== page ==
"Where are you bringing us?" his mother asks once again, her fingers holding tight to his hand as he laughs
"Just trust me, okay?" he insists, opening the door to the little cafe with his back so he can lead his parents in. "Not going to walk you both off some sidewalk curb so you break your ankles."
Reece guides them to the table before he removes the blindfolds he tied over their eyes. "Surprise?"
The cafe is empty save for them, lights dimmed with music playing softly. He jogs to the maitre d' stand, coming back with two wine glasses that he places in front of their places before repeating the path to return with plates of food.
"What's all this?" his father asks as Reece adds a basket of foccacia to the table.
Reece grins, stepping back. "Just enjoy dinner. And I promise I didn't try to cook anything; this was all Jake's doing."
He makes himself scarce, nibbling on the second loaf of bread and watching as his parents have dinner. He always knew his parents were in love; they made it obvious when the kids were growing up as there were more than a few times that he and his siblings walked into the kitchen to find Rick smearing chocolate on Kate's nose to make their mother giggle or trudging in from visits with friends to see their parents cuddled on the couch, asleep with The Lord of the Rings playing on the TV. Little things that solidified the fact that Kate Beckett and Rick Castle truly adored each other.
Reece sees it again from his seat by the entrance to the cafe. How his father lets his mother steal a bite of his braised lamb, even helping her get a little bit of the yogurt sauce onto her fork to go with the meat. Her smile gets softer around him, no longer the face she adopted from breaking criminals in the interrogation room and brought to the Senate floor to argue for future laws.
Once they're done, just the last sips of wine left in their glasses, Reece clears the table.
"This was lovely, Reece, but what was the occasion?" asks his mother, pushing at a spare chair at the table for him to sit.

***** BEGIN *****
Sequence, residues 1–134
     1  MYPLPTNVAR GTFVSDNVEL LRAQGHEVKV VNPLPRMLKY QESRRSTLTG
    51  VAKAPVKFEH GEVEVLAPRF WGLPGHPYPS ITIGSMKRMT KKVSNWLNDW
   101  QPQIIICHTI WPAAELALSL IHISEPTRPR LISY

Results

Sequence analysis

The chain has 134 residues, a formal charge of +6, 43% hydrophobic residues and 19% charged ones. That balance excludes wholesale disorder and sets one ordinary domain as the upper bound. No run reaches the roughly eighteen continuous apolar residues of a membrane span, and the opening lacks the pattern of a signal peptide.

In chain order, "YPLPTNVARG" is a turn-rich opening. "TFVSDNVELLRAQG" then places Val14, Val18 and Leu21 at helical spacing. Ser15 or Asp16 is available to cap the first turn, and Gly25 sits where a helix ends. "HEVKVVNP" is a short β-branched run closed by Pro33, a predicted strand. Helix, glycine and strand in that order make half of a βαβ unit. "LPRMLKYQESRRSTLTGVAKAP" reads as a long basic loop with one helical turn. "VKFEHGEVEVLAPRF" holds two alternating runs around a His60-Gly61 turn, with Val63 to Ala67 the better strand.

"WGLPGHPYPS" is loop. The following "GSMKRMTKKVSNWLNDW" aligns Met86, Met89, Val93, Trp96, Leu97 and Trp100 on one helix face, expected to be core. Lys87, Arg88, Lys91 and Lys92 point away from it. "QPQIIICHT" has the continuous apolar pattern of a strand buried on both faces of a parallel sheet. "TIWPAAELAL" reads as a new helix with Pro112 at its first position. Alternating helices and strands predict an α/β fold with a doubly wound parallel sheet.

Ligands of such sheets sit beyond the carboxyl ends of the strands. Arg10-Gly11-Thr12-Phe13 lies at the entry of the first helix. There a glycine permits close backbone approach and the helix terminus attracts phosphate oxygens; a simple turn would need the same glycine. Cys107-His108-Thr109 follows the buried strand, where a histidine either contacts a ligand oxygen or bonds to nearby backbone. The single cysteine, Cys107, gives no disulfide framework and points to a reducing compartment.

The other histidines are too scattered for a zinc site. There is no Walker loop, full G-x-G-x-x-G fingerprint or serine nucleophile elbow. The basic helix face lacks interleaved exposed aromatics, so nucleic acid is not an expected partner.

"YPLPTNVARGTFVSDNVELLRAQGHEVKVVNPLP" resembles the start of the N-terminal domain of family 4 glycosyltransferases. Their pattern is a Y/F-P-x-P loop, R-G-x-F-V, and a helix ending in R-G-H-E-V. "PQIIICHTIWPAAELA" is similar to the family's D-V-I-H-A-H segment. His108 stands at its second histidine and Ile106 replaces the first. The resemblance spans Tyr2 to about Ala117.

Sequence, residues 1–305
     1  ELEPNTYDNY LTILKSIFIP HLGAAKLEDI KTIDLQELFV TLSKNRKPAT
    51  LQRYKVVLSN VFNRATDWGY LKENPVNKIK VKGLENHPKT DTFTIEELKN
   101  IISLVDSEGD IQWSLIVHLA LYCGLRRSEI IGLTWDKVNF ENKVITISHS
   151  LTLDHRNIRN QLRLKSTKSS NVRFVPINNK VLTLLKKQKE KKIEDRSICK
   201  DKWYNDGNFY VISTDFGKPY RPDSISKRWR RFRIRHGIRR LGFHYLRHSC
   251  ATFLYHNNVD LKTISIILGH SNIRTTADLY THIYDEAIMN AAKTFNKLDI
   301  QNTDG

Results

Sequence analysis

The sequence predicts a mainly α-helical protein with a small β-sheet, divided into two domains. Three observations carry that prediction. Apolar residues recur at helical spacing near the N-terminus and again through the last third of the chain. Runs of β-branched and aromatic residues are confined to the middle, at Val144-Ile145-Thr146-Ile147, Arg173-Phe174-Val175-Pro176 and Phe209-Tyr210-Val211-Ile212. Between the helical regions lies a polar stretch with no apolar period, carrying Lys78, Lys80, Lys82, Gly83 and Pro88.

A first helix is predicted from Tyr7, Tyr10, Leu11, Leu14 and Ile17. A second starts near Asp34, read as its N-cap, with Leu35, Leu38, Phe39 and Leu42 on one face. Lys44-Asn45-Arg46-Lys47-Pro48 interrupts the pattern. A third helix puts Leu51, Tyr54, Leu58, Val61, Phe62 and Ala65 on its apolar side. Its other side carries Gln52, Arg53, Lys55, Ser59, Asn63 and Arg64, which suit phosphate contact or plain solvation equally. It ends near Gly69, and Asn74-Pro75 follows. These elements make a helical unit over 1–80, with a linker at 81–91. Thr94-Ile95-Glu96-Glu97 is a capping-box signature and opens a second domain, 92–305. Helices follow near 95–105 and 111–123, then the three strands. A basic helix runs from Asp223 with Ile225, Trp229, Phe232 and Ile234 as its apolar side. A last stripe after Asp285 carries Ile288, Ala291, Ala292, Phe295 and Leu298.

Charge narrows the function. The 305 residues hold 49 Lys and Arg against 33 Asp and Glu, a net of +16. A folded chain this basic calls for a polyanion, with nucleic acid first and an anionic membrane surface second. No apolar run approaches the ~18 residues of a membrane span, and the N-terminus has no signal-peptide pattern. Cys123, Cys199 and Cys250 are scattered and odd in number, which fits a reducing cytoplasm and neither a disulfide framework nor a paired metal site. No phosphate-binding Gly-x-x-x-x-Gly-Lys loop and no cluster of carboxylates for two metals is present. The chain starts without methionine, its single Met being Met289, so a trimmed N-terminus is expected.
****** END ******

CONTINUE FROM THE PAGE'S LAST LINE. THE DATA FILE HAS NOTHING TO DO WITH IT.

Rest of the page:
He just slides the black leather billbook onto the table in front of Kate, nodding at it with a grin. "Open it."
Just like every dinner out, Rick reaches across the table to grab the folder, always the one to slip his card into the little slot near the top but when he flips this one open, he stops the process of procuring the credit card.
"Reece," he gasps, handing the folder over to Kate. "What…?"
He waits, though, to answer his father until he gets to see his mother's mouth drop open. "What are these?"
"You're retiring in a month, Mom, and you and Dad have done so much for us. I know it couldn't have been easy raising all of us and doing both of your jobs so," he gestures toward the billfold holding the two plane tickets, "I pulled some strings at work with a friend and she got you a two week vacation on Santorini. Lily helped with the airfare and Jake hooked you up with one of his culinary school buds who works on the island so you'll be eating like royalty the entire trip. Alexis insisted on contributing so there's a spa day she threw in there for you both as a thank you for all of the free babysitting." He takes a breath, twisting his hands in his lap. "It's not nearly enough to thank you for raising us the right way but-"
He gets cut off when his mother pulls him up out of the chair into a rib-crushing hug. "Oh, mon doux garçon," she murmurs into his ear. "Thank you."
There's barely a second after his mother releases him before Rick wraps him in another hug, his familiarly wide hands patting his back. "You're a good man, Reece. Even if I don't understand what you're saying half the time."
It makes him grin, clapping his father on the back in return. "Love you, Dad." He steps back, pushing his hands into the pockets of his jeans. "Lily and Jake wished they could be here but, you know, protecting the First Lady and finalizing restaurant details but they all send their love and promise huge hugs when they make it here for the celebration."
Reece disappears for a moment, coming back with a plate of loukoumades, the little dough puffs drizzled in honey and dusted with cinnamon. "There are these too," he says, setting the plate down. "Not going to lie, I snuck a few when Jake was baking them and they're good."
"Everything your brother makes is good," Kate jokes, licking honey off her fingers after popping one of the puffs into her mouth. "Oh god, and these are no exception."
He cleans up while they eat the puff pastries, trying his best to leave the cafe in good condition since Jake put his name on the line to get use of it for the night, and after Reece locks the door behind the three of them, Rick loops his arm around his son's shoulders to pull him close.
"I did okay, Dad?" Reece asks, earning himself a pair of gentle slaps over the back of his head from both parents.
His mother leans over, touching her lips to his cheek. "You silly boy," she sighs.
"You did wonderful, bud. We're so proud of the man you've grown up into," Rick continues. "As long as you're happy."
Reece doesn't hesitate, grabbing his mother's hand and making them a tight knot on the sidewalk at the crosswalk. "I am so thankful I have you for parents," he states, willing them to hear just how grateful he is.